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View Full Version : How to stop edge chipping when turning hard steel



DJones
05-14-2009, 10:12 AM
Guys,

I am trueing some large cast steel wheels that carbide will just cut. When the tool enters or leaves the cut I get serious edge chipping with large flakes flying off and pitting to a depth of .125 in some cases. Any ideas on how to prevent the chipping?

McNeillMachine
05-14-2009, 10:31 AM
What are the cutting conditions, SFM, DOC? What grade of carbide are you using?

Evan
05-14-2009, 12:12 PM
Sounds like a problem with the material, not the tool. If it's that hard that carbide barely cuts it and it's spalling off flakes then it has too much carbon near the surface of the casting.

I doubt there is an easy answer but you might try going a lot slower if you haven't already. If it is a problem of carbon being drawn out of the melt during solidification then the answer is to normalize the casting by heat treatment.

Forrest Addy
05-14-2009, 12:36 PM
I don't know the size of the work or the machine your working with. but I havve offer some general hints.The tricks for hard turning are fairly sumple but some may seem counter-intuitive.

Naturally the machina and tooling have to be up to the job with overhang minimized and support maximized.

Use negative rake tooling with an edge radius of about 1/8 the feed rate. That's edge radius not nose radius. Use at least 30 degrees of edge lead angle. Use an old insert to "strop" a radius on the edge of a fresh insert. Those silocon carbide pocket stones are what's reccommended but stropping one edge with another works for me and it doesn;t shower abrasive all over.

The l30 degree ead provides a gradual tool engagement in the cut.

Nose radius has an effect too. Use a radius at least 6 ytimes the feed rate. If the tool fails regardless of the nose raius go to round button inserts

The carbide insert should be thick as practicable to withstand crushing effect.

Use a relatively heavy feed. If the machine has limited HP, reduce depth of cut. If going slow doesnt seem to work go fast.

Don't let the tool dwell in the cut. Either make chips or back the tool away.

Try a ceramic insert. These historically are delicate and won't take the heavy feeds of carbide but modern developments may have improved them. I've had good luck wityh Kyrocera's line of high hardness inserts.

You may have to screw around with cutting parameters until you find the "recipe". I used to turn locomotive drivers having migh maganese steel tires. These were real tool eaters but a modified ceramic insert worksed quite well. I got several cuts from each corner and a hell of a lot of almost impossible to break ribbon chips. .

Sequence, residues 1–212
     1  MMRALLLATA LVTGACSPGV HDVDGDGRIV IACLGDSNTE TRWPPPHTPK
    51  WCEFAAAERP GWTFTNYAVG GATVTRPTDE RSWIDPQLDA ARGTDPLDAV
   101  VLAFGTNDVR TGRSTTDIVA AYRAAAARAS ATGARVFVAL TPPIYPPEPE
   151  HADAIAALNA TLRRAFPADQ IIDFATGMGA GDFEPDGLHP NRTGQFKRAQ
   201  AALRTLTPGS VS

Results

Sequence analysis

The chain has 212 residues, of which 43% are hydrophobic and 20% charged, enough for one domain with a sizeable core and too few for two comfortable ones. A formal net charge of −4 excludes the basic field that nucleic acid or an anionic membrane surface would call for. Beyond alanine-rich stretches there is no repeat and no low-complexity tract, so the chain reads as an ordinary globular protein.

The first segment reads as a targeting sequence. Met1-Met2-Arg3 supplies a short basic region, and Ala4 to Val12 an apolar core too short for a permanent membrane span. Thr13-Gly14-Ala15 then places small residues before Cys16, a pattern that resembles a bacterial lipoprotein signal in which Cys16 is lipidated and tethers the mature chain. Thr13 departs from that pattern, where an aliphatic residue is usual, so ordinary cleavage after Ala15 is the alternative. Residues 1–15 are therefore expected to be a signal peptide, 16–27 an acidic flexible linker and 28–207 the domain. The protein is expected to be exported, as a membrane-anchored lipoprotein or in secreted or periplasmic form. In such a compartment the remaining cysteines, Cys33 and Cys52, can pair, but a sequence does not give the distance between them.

DJones
05-14-2009, 12:38 PM
What are the cutting conditions, SFM, DOC? What grade of carbide are you using?

I calculated the SFM at 23.8, depth of cut is .030 as it requires too much force to go any deeper and caused the chuck to slip. I have guess at the grade of carbide as C-6 TIN coated as it's not my shop or tools. I should add that these are 26" diameter railroad heavy boxcar wheel sets. The lathe is a Lodge & Shipley 32" and as you might guess is a bit worn and springy. I can't turn any slower as I'm already in low speed, first gear and back gear.

lane
05-14-2009, 03:26 PM
An old machinist trick,is to put a 45 chamfer on the exit edge when cutting something like that ether mill,lathe, are shaper. Make 45 at least as deep as cut . Keeps edge from chipping off.

DJones
05-14-2009, 04:51 PM
An old machinist trick,is to put a 45 chamfer on the exit edge when cutting something like that ether mill,lathe, are shaper. Make 45 at least as deep as cut . Keeps edge from chipping off.


Been there tried that. It still spits schrapnel.

Evan
05-14-2009, 07:39 PM
Try preheating the casting to about 250 F before machining. Many cast steel alloys have an extended glass transition temperature range. In some cases the charpy impact strength at 212F can be as much as 130% greater and the hardness 20 % lower at that temperature. With that large a workpiece heating with a steam cleaner before mounting it up for machining should work as it will retain heat for a long time.

Bet it works.

airsmith282
05-14-2009, 07:54 PM
what about taking lighter cuts, sometimes when iam trying to turn somthing if i take to deep of a cut i get problems like this and so i take lighter cuts and seems to go alot better..just bcause you can take deep cuts dont mean you should in fact it is dangerours to take to much at once all kinds of bad things can go wronge.. i have lately been learing how to part off SS at a much faster rate at 230 rpm and so far so good but its still touch and go at the best of times ,, any how my 2 cents ,,

Patch
05-14-2009, 11:14 PM
Actually, there are 2 methods used to perform such restoration/repair.